Part one of what will hopefully be a four-part look at some early favourites from the first half of the year. “Electronic” is a vague category, and even within that, there are albums here that hardly fit the descriptor, mixing live performance and organic instrumentation in with their synthesized sounds and sequencers. From minimal synths to new age visions, dystopian soundtracks and Eurorack explorations, these albums range from the accessible to the experimental, sometimes soothing and sometimes unnerving, but always engaging.

Charbonneau/Amato – Synth Works Vol. 2

Pietro Amato and Matthieu Charbonneau have been making music together at least since their late 2000s run in the vastly underappreciated Montreal chamber-pop trio Torngat, and while the synthetic sounds of their work as Charbonneau/Amato are superficially quite far removed from that project, Synth Works Vol. 2 has the same warmth and imagination that has always made their work so compelling. The duo coaxes surprising variety from this set of chirping melodies and simple rhythms, keeping the arrangements minimal without sacrificing nuance. It’s a gentle album, but one that rewards repeated listening.

Cool Maritime – Big Earth Energy

New Age-y and ambient as it may be, Sean Hellfritsch’s latest release as Cool Maritime feels positively energetic compared to the coastal transcendentalism of his earlier albums. Big Earth Energy is billed as a soundtrack to an imaginary ecological-themed video game, and its mystical pulse certainly conjures visions of ray-traced vistas and point-and-click puzzling in the glory days of CD-ROM adventures. Fans craving long-form meditations will need to adjust their expectations, but even the tighter compositions still offer plenty of opportunities to expand your mind.

Ecotype – Civil Version

Released back in February, this Calgary duo’s sophomore release was better suited to the frost-covered streets of a Canadian winter than to our current mid-summer heatwave. Give it a couple months for the air to crisp up and the leaves to fall down, and Civil Version’s Boards of Canada-evoking blend of hip hop beats and haunted synths will be back in season. Like a midnight scene lit by campfire, it’s soothing and at least a little bit sinister.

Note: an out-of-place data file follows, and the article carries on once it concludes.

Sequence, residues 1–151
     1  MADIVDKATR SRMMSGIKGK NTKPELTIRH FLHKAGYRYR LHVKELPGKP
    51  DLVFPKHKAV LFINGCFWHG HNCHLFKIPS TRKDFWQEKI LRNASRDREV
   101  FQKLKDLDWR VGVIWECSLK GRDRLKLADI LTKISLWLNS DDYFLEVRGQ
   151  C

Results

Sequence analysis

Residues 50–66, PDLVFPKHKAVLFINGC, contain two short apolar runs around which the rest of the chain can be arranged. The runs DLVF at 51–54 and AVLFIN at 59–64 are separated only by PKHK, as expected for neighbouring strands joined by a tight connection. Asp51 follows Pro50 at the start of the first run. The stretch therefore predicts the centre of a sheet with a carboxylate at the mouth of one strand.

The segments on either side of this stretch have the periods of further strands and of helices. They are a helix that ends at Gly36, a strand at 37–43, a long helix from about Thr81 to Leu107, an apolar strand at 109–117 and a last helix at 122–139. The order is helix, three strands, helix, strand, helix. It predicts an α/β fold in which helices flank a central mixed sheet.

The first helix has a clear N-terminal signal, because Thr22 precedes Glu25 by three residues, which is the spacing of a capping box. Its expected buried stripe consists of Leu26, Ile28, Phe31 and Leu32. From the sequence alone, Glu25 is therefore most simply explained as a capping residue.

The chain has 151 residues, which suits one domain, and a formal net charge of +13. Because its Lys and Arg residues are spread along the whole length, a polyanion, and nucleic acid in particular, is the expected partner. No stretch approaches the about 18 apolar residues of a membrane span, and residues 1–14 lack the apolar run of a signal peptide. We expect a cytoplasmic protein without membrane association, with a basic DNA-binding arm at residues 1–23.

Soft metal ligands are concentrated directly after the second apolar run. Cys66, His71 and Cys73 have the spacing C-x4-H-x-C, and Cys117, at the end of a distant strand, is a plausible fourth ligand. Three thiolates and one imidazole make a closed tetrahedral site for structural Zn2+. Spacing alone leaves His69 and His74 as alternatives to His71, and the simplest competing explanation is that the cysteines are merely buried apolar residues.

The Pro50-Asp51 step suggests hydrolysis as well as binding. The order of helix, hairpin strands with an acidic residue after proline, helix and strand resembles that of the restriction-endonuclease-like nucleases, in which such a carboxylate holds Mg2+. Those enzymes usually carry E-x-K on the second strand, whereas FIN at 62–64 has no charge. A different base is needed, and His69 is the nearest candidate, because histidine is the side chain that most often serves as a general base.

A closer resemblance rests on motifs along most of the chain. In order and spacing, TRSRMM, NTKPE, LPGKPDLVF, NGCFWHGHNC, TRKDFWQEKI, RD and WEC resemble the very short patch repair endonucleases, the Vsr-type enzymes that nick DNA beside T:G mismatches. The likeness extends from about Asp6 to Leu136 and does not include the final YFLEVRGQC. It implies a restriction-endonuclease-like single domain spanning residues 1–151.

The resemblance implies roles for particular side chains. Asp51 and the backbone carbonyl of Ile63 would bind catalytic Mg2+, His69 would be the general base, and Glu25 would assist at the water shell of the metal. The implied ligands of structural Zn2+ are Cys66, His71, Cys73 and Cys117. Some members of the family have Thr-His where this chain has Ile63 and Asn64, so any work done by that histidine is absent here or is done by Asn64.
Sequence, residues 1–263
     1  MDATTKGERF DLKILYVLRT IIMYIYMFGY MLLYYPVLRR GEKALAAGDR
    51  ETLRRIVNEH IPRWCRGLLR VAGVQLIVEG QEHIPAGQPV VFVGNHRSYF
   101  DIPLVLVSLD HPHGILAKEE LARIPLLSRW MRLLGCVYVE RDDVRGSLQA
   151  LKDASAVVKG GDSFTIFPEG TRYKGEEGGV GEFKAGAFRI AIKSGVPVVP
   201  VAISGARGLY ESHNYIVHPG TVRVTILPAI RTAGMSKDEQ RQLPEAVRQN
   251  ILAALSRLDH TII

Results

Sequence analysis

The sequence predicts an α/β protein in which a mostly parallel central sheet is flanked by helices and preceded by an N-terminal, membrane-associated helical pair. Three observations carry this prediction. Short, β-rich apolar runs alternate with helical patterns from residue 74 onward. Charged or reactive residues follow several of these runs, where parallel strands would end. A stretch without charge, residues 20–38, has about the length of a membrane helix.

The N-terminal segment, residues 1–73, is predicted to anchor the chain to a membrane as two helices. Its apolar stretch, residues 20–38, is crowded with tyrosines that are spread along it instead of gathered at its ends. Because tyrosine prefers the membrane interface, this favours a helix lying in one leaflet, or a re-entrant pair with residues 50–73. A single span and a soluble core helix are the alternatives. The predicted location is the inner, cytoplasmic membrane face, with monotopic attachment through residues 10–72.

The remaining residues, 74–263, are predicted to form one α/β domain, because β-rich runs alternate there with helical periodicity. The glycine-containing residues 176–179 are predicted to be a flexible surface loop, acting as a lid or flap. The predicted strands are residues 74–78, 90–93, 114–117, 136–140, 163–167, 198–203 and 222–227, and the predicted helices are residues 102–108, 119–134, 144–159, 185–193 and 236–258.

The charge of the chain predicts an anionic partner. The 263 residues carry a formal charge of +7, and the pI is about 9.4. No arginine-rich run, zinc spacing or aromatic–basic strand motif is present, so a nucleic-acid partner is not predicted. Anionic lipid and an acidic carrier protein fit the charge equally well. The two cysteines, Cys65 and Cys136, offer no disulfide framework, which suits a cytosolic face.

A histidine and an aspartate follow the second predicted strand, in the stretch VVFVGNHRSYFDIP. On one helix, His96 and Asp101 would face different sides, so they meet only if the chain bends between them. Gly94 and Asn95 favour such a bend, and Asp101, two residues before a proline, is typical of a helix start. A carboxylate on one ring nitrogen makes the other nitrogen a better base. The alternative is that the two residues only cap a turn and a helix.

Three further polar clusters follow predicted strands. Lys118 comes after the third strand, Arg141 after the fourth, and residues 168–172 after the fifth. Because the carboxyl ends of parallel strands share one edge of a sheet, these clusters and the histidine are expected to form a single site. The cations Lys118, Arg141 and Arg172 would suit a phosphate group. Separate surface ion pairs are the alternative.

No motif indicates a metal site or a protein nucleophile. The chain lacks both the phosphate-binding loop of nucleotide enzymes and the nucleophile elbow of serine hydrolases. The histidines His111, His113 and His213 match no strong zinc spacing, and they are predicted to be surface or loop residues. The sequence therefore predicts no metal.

Field Works – Stations

The conceptual heft of Stations certainly helps the album feel momentous—it’s built around samples harvested from ground-recording stations and billed as a collaboration between human performers and the voice of the Earth itself—but that highly cerebral concept would be weightless without the gravity of the actual compositions. A bevvy of collaborators help Field Works mastermind Stuart Hyatt flesh out the sounds, finishing on a note of joy and good humour with Laraaji’s infectious laughter. Don’t pass up the companion remix album, either. With mixes from Deantoni Parks, Green-House, Alva Noto and more, it turns out to be just as essential as (and even more inventive than) the proper album.

Green-House – Solar Editions

A welcome EP from the spiritual successor to Mort Garson’s Plantasia (a bit of a reductive comparison, but the recurring plant and fungal themes make it inevitable). Only four songs, but as the title implies, it’s a burst of sunshine, the playful new-age melodies radiating warm, revitalizing energy. Truly blissful stuff; as with the whole Green-House catalogue, it’s hard to imagine hearing more than a few measures of Olive Ardizoni’s music without cracking a smile.

Jilk – Haunted Bedrooms

Scarcity is something you rarely run into nowadays, but the Castles in Space label has cultivated its mystique through a refusal to cater to the whims of streaming services, and through consistently brilliant curation. As consistenly impressive as their catalogue is, Jilk’s Haunted Bedrooms still stands out as a highlight, a unique musical world with a sonic ecosystem blending discordant folk, pastoral post-rock, and unpredictable electronics, and still manages to be accessible despite its eclecticism.